The court similarly finds that the second ground for denying bail is not rational on the record presented to the court. The state made only one argument to the Illinois Appellate and Supreme Courts respecting possible errors in the trial court: that Nistler's post-trial motion had no merit. The state made this argument based solely on a prosecutor's assessment of the motion and the trial court's denial of it -- not on the basis of independent analysis. Like its professed concern for preventing Nistler from fleeing, this appears to be an after-the-fact justification for holding Nistler, one without support in the record. *fn1"

 The state's third justification does have support in the record: protecting the public from harm. Nistler has been found guilty of two aggravated batteries committed on one occasion. While Nistler has no prior record, the violence of these felonies is manifest. Denying bond to persons appealing conviction of a violent felony is rational, even when there is no evidence of chronic violent behavior. See Walker, 484 F.2d at 876; Smith, 486 F.2d at 739; Simpson v. Brewer, 593 F.2d 798 at 799 (1979). The state's decision thus did not transgress the Due Process Clause of the Fourteenth Amendment.

 Nistler's Equal Protection argument is more formidable. As the Seventh Circuit has noted, the essence of the Constitution's guarantee of equal protection of the laws is "straightforward. It commands that states treat similarly situated people in a similar manner." Klincar, 841 F.2d at 727. Courts are to examine equal protection challenges in two steps:


First, a court must determine whether the state action infringes upon a fundamental right or discriminates on the basis of a suspect category. If so, the . . . action is reviewed under either a strict or intermediate scrutiny standard. . . . If no fundamental rights or suspect categories are involved, a court must simply determine whether the differential treatment of similarly situated individuals is rationally related to a legitimate state interest. A party alleging an equal protection challenge involving this standard bears the "heavy burden" of demonstrating that the differences in treatment are to unrelated to legitimate objectives that the only conclusion a court can reach is that the [state's] actions were irrational.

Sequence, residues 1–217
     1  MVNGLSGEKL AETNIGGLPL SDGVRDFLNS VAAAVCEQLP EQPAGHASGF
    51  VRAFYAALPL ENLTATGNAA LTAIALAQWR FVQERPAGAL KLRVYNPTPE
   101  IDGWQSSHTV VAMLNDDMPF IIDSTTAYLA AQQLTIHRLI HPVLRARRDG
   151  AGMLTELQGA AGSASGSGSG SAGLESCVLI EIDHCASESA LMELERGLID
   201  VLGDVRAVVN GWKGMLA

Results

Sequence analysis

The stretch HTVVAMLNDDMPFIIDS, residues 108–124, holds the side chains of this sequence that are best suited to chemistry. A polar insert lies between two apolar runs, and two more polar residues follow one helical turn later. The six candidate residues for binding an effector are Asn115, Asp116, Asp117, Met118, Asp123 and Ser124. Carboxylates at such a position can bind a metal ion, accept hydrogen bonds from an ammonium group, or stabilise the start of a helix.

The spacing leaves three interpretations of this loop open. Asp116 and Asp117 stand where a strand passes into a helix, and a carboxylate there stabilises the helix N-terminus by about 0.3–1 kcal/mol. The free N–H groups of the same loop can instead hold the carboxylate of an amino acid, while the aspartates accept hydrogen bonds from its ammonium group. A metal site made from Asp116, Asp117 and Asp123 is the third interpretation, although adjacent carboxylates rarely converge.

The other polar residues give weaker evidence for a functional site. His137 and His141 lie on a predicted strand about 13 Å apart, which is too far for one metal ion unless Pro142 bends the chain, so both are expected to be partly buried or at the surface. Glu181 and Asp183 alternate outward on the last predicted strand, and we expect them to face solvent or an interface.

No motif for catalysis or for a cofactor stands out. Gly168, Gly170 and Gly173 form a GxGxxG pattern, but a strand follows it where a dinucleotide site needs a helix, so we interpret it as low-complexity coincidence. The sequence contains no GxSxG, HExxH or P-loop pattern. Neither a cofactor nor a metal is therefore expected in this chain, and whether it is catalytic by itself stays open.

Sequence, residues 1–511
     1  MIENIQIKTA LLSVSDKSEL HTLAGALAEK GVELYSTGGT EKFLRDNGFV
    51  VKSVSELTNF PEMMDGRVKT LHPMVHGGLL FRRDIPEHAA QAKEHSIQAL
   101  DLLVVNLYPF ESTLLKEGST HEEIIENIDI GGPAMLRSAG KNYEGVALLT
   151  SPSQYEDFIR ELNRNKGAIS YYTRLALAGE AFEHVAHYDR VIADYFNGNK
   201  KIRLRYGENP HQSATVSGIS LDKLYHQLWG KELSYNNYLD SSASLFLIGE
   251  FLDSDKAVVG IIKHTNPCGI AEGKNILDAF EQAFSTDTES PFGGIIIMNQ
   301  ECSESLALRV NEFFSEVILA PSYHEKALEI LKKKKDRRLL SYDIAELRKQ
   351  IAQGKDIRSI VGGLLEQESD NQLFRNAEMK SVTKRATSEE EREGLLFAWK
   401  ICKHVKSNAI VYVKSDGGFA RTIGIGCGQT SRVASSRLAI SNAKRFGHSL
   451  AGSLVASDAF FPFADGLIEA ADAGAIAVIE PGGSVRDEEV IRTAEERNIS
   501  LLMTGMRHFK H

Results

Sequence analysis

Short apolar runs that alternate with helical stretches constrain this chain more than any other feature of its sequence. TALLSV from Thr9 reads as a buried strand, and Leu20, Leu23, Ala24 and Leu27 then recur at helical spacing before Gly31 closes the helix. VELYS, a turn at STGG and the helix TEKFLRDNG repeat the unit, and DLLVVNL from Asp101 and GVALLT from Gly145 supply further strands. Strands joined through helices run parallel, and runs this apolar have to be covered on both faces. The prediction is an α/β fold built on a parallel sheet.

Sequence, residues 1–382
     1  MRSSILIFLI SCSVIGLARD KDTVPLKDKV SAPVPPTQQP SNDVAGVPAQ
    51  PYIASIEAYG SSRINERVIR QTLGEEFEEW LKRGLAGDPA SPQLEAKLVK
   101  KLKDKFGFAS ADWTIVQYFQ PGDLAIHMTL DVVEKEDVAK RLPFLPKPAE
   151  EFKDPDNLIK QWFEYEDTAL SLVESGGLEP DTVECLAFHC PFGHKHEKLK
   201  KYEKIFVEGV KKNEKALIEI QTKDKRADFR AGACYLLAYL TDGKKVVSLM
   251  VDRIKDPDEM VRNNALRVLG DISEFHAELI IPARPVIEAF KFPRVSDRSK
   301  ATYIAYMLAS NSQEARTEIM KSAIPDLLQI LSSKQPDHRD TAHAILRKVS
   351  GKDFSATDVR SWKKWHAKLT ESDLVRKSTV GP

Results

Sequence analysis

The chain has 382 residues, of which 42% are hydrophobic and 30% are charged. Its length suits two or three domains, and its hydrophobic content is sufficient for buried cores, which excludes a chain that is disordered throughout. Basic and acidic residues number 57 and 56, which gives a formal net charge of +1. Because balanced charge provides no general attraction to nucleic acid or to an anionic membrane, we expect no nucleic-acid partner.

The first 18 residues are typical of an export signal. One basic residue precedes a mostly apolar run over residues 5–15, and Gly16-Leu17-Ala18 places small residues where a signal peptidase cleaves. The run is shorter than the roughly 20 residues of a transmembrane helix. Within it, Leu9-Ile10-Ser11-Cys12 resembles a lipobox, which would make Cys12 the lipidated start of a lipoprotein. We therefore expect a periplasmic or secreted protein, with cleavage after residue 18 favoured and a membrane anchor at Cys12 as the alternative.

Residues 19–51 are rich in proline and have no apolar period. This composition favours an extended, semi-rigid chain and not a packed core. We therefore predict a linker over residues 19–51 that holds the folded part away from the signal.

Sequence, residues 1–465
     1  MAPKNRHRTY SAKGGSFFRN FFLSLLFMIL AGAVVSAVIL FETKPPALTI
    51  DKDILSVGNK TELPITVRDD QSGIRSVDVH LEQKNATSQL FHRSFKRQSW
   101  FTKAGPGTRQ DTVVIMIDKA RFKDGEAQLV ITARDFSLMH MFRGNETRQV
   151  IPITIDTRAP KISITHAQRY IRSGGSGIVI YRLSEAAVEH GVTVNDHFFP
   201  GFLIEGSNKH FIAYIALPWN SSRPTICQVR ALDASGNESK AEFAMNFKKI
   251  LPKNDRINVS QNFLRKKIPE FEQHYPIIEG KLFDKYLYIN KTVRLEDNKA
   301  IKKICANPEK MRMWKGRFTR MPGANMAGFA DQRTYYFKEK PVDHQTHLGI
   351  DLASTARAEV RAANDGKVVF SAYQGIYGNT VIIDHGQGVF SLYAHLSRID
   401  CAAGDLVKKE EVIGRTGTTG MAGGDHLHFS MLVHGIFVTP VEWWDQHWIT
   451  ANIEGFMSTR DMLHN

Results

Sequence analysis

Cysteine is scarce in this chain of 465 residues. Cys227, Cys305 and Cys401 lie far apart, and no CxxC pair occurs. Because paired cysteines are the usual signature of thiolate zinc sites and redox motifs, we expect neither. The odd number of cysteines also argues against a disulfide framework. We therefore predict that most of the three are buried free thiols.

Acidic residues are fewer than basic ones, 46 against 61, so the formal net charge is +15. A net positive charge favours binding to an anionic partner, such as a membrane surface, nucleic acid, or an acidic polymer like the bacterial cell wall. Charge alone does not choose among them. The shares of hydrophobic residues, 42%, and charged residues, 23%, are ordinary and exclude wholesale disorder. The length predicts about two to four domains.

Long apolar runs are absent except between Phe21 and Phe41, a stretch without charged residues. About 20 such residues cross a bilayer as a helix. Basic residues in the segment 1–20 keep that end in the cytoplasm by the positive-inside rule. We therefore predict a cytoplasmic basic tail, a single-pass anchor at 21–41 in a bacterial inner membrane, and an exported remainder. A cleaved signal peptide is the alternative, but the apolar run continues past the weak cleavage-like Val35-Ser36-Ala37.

Id., quoting Peterson v. Lindner, 765 F.2d 698, 705 (7th Cir. 1985).

 Nistler does not assert that he has a fundamental right to bond pending his appeal, or that the state denied him bond on the basis of a suspect classification. He thus bears the burden of demonstrating that the differences which the state asserts as a basis for its decision are "so unrelated to legitimate objectives" that the state's decision in his case was capricious.

 As noted above, the only rational basis for denying Nistler bail was that he had committed a violent felony. The state presents no argument, and the record does not reveal, why it denied bond in this case, while apparently letting others go free. Illinois law allows release on recognizance or bond for violent felons who are awaiting appeal. See Ill.Rev.Stat. ch. 38, § 110-2. While it was within the trial court's power to deny release or bond, the record (or perhaps lack of record) indicates that the decision made here was arbitrary. The state has offered no proof that it denies bail to all persons who are in Nistler's position, which raises the inference that the state did so arbitrarily or for illegitimate reasons. *fn2" The state thus did not afford Nistler the equal protection of its laws.

 Because of this court's conclusion that the state violated the Equal Protection Clause of the Fourteenth Amendment in denying bond to Nistler, the court will not rule on his contention that the state violated the Excessive Bail Clause of the Eighth Amendment. The court will give the state 30 days in which to hold a bond hearing. If it does not, this court will hold a hearing as to whether this court should grant bond pending Nistler's state criminal appeal, and if so, the amount of that bond. *fn3" The court orders the clerk of this court to set the matter for hearing.

 DATE: September 15, 1989